MC Press Online

Friday, Mar 24th

Last updateFri, 17 Mar 2017 12pm

You are here: Home ARTICLES Internet of Things Internet of Things - Other Internet of Things: You Can’t Avoid the Inevitable

Internet of Things - Other

Internet of Things: You Can’t Avoid the Inevitable

Support MC Press - Visit Our Sponsors
Element Break 290x14

Nine Books from MC Press Bookstore Featured Author: Roger E. Sanders. 20% off at the MC Press Bookstore until Wednesday, 3-22-2017. Use promo code: SANDERS

Element Break 290x14


DB2 10.5 Fundamentals for LUW (Exam 615)



Click for this Month's

Bookstore Special Deals

This article is excerpted from Identity Management: A Business Perspective, chapter 7.

The Internet of Things (IoT) is upon us. “What does that mean?” you may ask. Well, it means you had better get ready to use your identity management environment to support access to “things.” “But we don’t do that,” you reply. “Why not?” is my response. It is highly likely that there are business processes within your organization that could benefit from the deployment of things. So when you finally get pulled into the 21st century, you will need to plan for more than just people accessing your systems.

Over the past few years, we have experienced a dramatic reduction in the cost of devices that monitor things and actuators that control things. It is now very inexpensive to remotely measure things and to turn things on and off. It’s important that companies evaluate the potential of exploiting these cost reductions and take advantage of the opportunity that they afford.

But before you invest in IoT, there are a few questions you will need to answer, as shown in Table 7.1

Table 7.1: Questions to ask when assessing IoT

Collection Devices

Control Devices

How will you associate ownership with collected data?

Who should be able to access control devices?

How will you protect data, and how will you give owners access to it?

What level of access should approved users be given?

How will you allow users to share data with authorized persons?

Should users be able to delegate access to others?

If you can answer these questions, improvements to numerous business applications await.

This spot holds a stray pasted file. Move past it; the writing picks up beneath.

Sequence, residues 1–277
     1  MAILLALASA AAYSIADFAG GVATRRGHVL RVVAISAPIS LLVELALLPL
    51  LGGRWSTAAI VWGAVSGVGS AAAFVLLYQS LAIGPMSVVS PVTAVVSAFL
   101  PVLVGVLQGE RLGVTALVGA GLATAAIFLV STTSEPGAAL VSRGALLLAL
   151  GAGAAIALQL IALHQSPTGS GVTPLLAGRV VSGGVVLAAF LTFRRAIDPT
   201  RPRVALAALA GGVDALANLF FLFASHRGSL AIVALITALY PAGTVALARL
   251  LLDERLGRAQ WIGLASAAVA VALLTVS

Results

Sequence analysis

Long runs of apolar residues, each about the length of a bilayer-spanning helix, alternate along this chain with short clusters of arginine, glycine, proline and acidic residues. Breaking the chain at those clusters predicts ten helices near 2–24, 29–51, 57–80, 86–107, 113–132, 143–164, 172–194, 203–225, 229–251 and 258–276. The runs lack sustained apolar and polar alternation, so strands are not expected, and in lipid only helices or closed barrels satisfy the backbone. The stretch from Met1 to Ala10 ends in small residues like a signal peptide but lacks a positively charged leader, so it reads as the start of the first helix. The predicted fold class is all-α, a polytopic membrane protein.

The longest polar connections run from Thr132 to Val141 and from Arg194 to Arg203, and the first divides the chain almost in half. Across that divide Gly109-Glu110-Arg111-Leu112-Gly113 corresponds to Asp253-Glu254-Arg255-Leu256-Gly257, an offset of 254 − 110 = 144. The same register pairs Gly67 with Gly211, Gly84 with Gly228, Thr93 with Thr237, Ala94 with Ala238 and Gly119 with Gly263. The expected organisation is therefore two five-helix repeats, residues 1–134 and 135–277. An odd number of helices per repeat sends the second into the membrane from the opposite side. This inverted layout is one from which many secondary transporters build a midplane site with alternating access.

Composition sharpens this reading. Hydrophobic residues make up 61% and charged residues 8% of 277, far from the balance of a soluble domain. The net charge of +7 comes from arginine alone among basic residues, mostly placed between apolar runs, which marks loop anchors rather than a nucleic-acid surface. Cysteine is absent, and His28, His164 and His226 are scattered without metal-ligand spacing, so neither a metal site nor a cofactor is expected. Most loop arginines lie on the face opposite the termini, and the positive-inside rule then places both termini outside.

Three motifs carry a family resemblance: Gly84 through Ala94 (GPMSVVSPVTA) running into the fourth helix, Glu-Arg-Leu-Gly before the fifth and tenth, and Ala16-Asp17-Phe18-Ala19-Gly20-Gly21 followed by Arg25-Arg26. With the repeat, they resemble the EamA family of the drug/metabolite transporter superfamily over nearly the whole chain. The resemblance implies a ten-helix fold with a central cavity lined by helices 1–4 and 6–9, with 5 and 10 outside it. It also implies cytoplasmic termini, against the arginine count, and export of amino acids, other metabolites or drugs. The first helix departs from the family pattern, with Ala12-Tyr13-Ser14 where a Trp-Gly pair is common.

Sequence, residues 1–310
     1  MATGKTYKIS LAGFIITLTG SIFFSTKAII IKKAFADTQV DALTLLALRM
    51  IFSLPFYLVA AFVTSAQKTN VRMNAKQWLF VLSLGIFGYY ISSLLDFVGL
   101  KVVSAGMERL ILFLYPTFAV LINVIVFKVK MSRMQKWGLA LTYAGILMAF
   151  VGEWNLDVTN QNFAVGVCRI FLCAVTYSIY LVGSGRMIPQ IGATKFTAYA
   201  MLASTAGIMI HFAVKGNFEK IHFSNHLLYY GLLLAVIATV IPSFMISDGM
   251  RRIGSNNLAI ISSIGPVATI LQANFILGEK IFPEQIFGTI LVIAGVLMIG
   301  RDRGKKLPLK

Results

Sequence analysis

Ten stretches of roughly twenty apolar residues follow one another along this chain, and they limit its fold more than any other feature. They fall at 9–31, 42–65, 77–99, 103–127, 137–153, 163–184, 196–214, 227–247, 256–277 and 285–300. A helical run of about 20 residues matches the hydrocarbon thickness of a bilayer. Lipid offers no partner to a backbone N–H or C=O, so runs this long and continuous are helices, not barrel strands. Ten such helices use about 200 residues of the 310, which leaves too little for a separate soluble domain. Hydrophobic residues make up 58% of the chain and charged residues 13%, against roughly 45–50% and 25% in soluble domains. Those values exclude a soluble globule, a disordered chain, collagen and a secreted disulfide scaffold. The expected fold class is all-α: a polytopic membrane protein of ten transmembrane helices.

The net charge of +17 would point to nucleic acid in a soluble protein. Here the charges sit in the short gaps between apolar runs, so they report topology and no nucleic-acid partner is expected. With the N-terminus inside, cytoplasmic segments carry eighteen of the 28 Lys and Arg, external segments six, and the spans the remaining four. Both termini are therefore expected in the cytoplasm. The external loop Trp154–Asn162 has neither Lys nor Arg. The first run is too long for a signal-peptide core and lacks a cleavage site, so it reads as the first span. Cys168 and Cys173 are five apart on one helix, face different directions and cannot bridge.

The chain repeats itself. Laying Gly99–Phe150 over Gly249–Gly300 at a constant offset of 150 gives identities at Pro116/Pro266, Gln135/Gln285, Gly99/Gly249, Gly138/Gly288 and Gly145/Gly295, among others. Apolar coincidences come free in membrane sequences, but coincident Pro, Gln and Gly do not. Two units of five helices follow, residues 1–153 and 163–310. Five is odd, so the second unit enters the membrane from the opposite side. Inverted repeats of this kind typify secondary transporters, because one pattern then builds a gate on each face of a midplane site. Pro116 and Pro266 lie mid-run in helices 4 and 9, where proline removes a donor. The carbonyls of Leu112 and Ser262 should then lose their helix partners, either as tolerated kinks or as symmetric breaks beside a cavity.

Devices as Things

So the next question is: “What’s a ‘thing,’ and what does it want?”

Things can basically be divided into two categories: those that can measure something (sensors) and those that control something (actuators). Sensors can be as simple as a thermometer that measures the temperature inside a house, or as complex as the monitor that measures a car’s fuel mixture as the vehicle accelerates.

In a manufacturing environment, IoT data can be very valuable. IoT data can, for example, show how much product is being produced and the rate of rejects, how many people are on a ship’s bridge and their ranks, or the current rate of inventory depletion, and project when the manufacturing department will run out of raw material. Increasingly, we need to share this data with others in the company or business partners outside the company. How do we control the release of sensitive information, and how do we restrict its usage to approved persons?

Actuators are even more interesting. They can either be discrete, turning something on or off, or they can be a continuous process-control device such as a valve moderating the flow of a gas, liquid, or granular solids in accordance with external stimuli. Adding cement, aggregate, and water into a cement mixer is an example. It should be obvious that restricting access to actuators to authorized personnel is very important.

Contributing Technologies

It is fortunate that IoT technology is developing at a time in which related services are becoming available. Not only are manufacturing economies of scale driving down the cost of devices, other technology developments are contributing to the economic viability of IoT installations.


There are multiple areas in which the cloud contributes to IoT deployments. Data storage is one area to be addressed in any installation of IoT devices. In some cases, where data volumes are large, it makes sense to store data in the cloud, where the requisite encryption is facilitated and the business continuity services offered by cloud service providers (CSPs), such as data backup and restore, can be leveraged.

It is arguably also easier to manage access to data in the cloud. With on-premises databases, there is a requirement to configure the access control settings for the database or put the data store on a protected subnet. In the cloud, user access can be restricted by the cloud service access control facility based on an attribute in the user’s directory entry.